Courtney S. Barr

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Wednesday, August 10, 2011

Breathing life into an MS beyond the inertia...

"If you do not breathe through writing, if you do not cry out in writing, or sing in writing, then don't write, because our culture has no use for it."
-Anais Nin
I don't like the word inertia...well some weekends I do; but on the whole I really don't. I enjoy relaxing after a long day's work, but there must first be that long day, that work to then enjoy what relaxation is all about.
All summer long I have been in a state of inertia when it comes to writing. The storm shook me up a bit, then we held the fundraiser and now school has begun for my resident 17 year old. Life is never boring, but inertia can still exist within areas that seem to be a constant movement. That is scary part about inertia. We think that we are moving, that we are being productive but really we are just performing a rote action. We have lost the excitement, the feeling of accomplishment, the ambition, the desire to better improve; we are just going along with the motions pretending that we are moving.

I was at a service last weekend that discussed life, creating habits, and looking at something you do every day differently. The application was more geared to prayer but I would be losing a great deal of the message if I did not apply it to other areas as well. I realized that writing before the storm had become a bit rote. I wasn't excited when I opened the file and I wasn't missing it when I was away. That isn't good. I had let the entire summer pass me by and had barely done anything with the story except go through the motions.

So last night I decided to apply the message to my own story. To sit down, to open the file, to read my words and see beyond what letters on the page spelled out and to breathe life back into the story. It was fulfilling to move forward, to no longer sit on the edge of something I truly desire to witness in all its elements. I broke it apart and saw myself looking at the characters, settings, and plot more openly. It is not ready to be shelved, in fact a brand new direction came out the endeavor.

Inertia had me thinking that it was time to give up but fresh air, an open mind and the desire to better the work has me now excited to see where the next scene is going...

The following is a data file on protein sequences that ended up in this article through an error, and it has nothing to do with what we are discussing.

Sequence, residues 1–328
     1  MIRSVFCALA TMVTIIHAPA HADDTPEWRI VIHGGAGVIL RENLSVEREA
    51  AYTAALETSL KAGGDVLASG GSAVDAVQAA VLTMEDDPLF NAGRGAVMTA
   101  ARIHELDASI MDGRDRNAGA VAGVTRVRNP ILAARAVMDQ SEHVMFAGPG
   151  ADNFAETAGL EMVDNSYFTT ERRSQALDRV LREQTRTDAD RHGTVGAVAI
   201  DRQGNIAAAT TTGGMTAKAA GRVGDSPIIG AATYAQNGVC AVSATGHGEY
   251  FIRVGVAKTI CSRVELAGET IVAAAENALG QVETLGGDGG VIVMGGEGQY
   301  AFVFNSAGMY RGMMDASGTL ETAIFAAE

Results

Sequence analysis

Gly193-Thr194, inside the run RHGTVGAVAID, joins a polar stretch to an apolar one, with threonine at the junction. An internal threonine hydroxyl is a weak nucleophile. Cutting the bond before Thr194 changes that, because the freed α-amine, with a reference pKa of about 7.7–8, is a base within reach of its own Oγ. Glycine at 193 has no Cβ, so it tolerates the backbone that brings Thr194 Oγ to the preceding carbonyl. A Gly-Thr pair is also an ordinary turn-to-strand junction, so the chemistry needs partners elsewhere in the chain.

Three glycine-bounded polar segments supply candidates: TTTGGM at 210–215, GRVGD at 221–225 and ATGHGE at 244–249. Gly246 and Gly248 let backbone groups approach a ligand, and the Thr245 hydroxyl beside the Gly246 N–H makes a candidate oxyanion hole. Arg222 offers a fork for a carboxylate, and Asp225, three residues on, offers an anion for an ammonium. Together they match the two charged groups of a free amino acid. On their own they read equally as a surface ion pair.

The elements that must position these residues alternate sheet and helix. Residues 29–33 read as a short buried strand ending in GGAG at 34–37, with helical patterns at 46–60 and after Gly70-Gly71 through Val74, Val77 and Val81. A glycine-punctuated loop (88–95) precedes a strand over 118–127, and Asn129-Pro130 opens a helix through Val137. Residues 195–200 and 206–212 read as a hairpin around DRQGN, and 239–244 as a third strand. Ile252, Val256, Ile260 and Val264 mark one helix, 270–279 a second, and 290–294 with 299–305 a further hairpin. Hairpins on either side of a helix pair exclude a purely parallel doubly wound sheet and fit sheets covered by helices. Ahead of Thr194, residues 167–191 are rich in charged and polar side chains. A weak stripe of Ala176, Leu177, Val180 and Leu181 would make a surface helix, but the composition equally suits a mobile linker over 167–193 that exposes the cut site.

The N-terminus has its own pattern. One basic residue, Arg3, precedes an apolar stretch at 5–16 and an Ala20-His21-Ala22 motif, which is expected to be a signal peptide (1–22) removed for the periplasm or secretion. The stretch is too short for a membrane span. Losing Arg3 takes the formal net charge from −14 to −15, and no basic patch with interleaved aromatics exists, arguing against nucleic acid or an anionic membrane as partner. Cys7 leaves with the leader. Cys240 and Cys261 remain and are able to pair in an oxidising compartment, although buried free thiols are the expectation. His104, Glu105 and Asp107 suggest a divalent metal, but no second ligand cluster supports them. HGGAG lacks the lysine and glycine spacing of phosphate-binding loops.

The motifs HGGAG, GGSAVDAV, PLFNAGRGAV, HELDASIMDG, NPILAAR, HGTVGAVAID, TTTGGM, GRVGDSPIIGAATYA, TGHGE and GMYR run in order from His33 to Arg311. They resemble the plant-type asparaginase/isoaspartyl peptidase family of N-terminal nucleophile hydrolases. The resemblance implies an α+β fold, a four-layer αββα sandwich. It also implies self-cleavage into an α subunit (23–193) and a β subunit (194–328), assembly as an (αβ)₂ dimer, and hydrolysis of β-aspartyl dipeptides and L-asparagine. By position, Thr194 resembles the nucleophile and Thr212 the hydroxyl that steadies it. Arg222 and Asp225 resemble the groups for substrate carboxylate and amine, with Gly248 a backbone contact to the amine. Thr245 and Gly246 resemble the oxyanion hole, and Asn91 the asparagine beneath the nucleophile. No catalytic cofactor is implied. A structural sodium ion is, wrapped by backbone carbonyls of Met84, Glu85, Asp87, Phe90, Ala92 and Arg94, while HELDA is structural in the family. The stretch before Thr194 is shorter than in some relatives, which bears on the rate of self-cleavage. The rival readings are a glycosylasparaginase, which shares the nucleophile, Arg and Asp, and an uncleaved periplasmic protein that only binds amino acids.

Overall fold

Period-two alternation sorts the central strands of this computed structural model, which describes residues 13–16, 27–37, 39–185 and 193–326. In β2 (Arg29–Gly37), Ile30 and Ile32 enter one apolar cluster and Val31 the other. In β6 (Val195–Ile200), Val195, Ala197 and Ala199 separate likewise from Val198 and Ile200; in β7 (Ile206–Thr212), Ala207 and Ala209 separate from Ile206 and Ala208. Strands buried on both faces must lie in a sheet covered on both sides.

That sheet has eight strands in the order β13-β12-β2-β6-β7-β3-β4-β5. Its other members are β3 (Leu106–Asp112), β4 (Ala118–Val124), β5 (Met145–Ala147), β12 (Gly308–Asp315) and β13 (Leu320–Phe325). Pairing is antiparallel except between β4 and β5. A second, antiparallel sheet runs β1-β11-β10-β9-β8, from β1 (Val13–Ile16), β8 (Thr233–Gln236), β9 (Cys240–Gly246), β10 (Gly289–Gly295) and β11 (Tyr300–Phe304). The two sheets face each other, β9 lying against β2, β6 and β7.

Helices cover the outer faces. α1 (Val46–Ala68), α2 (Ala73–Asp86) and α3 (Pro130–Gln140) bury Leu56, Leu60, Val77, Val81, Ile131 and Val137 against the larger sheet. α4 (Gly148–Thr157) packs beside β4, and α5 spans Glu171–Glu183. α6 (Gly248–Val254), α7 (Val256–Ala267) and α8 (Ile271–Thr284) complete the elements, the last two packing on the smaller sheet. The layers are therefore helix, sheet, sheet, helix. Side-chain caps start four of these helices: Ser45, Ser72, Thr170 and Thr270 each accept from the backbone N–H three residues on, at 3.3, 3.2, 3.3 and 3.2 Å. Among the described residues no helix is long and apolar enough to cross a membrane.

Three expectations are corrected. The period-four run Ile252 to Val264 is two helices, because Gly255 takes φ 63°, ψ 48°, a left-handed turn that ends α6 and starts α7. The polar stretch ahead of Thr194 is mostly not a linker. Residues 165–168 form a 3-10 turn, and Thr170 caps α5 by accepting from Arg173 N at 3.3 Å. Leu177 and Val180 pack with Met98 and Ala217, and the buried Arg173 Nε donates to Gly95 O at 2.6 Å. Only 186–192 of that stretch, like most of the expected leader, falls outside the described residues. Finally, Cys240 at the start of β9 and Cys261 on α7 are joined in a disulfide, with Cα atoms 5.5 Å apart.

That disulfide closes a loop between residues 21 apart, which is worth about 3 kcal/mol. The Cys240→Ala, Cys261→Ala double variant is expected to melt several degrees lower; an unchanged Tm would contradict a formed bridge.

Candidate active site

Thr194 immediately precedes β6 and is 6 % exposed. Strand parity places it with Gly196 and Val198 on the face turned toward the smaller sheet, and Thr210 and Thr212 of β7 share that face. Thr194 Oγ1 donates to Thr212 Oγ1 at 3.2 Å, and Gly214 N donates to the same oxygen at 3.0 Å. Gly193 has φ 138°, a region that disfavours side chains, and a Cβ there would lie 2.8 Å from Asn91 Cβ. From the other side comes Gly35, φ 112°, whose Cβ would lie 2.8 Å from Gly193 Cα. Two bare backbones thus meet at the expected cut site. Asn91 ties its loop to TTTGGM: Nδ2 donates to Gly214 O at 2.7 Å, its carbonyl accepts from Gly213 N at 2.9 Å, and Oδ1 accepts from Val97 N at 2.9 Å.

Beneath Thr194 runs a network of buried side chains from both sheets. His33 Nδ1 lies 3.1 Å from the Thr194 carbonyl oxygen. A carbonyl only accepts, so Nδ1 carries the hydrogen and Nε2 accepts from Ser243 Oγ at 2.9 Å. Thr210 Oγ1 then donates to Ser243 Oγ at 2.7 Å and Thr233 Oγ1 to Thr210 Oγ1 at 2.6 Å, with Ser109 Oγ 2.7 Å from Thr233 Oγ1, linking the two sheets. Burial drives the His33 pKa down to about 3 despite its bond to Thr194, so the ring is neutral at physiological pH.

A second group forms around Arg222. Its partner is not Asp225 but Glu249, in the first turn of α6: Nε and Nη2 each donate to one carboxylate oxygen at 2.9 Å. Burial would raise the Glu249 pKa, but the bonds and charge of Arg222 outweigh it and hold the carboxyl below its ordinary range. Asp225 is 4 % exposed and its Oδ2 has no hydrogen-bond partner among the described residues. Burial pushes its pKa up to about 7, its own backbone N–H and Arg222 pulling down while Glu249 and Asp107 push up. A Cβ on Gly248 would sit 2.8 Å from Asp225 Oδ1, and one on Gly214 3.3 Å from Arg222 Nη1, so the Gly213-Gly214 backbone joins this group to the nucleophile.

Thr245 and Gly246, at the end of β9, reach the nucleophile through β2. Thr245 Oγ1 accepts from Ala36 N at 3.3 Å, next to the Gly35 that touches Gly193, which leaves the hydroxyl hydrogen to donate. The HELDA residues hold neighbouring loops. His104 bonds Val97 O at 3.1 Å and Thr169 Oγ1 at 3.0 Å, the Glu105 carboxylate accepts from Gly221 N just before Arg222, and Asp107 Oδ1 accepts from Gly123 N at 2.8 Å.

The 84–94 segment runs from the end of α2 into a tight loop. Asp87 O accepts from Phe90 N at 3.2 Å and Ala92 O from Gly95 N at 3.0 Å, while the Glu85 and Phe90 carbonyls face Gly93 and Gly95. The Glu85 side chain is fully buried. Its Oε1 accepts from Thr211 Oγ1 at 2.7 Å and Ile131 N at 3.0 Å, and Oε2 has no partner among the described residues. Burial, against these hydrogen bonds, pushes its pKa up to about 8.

What do you do when the words seem to be lackluster on the page? Do you give up immediately or do you work through the issues and discover something new? How do you know when it is truly time to shelve the work or it just needs an afternoon in the sun?


  1. I basically never give up. I'm neurotic about it. I've been working on the same novel for nearly three years now, but I'm okay with it.

    And off-topic, but it feels like I haven't been here in FOREVER! Your blog has not been showing up in my dashboard. Maybe it's just because you post later in the day.

  2. Hi Courtney, just found you from Tali Roland's blog! Very interesting post and I like your thoughts. I finished my novel earlier in the year and it's now with a London agent who's submitting it to publishers. When inspiration ran dry I opened up some little yellow folders in my computer. I had made one for each character and filled them with bits and pieces I knew they would love, faces that made me think of them and photos of the places where they lived. That seemed to get me back in love with them and ready to start writing about them again :-)
    The Time Sculptor

  3. Greetings from the Amish community of Lebanon,Pa. Richard from Amish Stories.

  4. I always try to push through to the end and then sit back for a week or two and think things through.
    PS - Thank you for your lovely comment on my London post!


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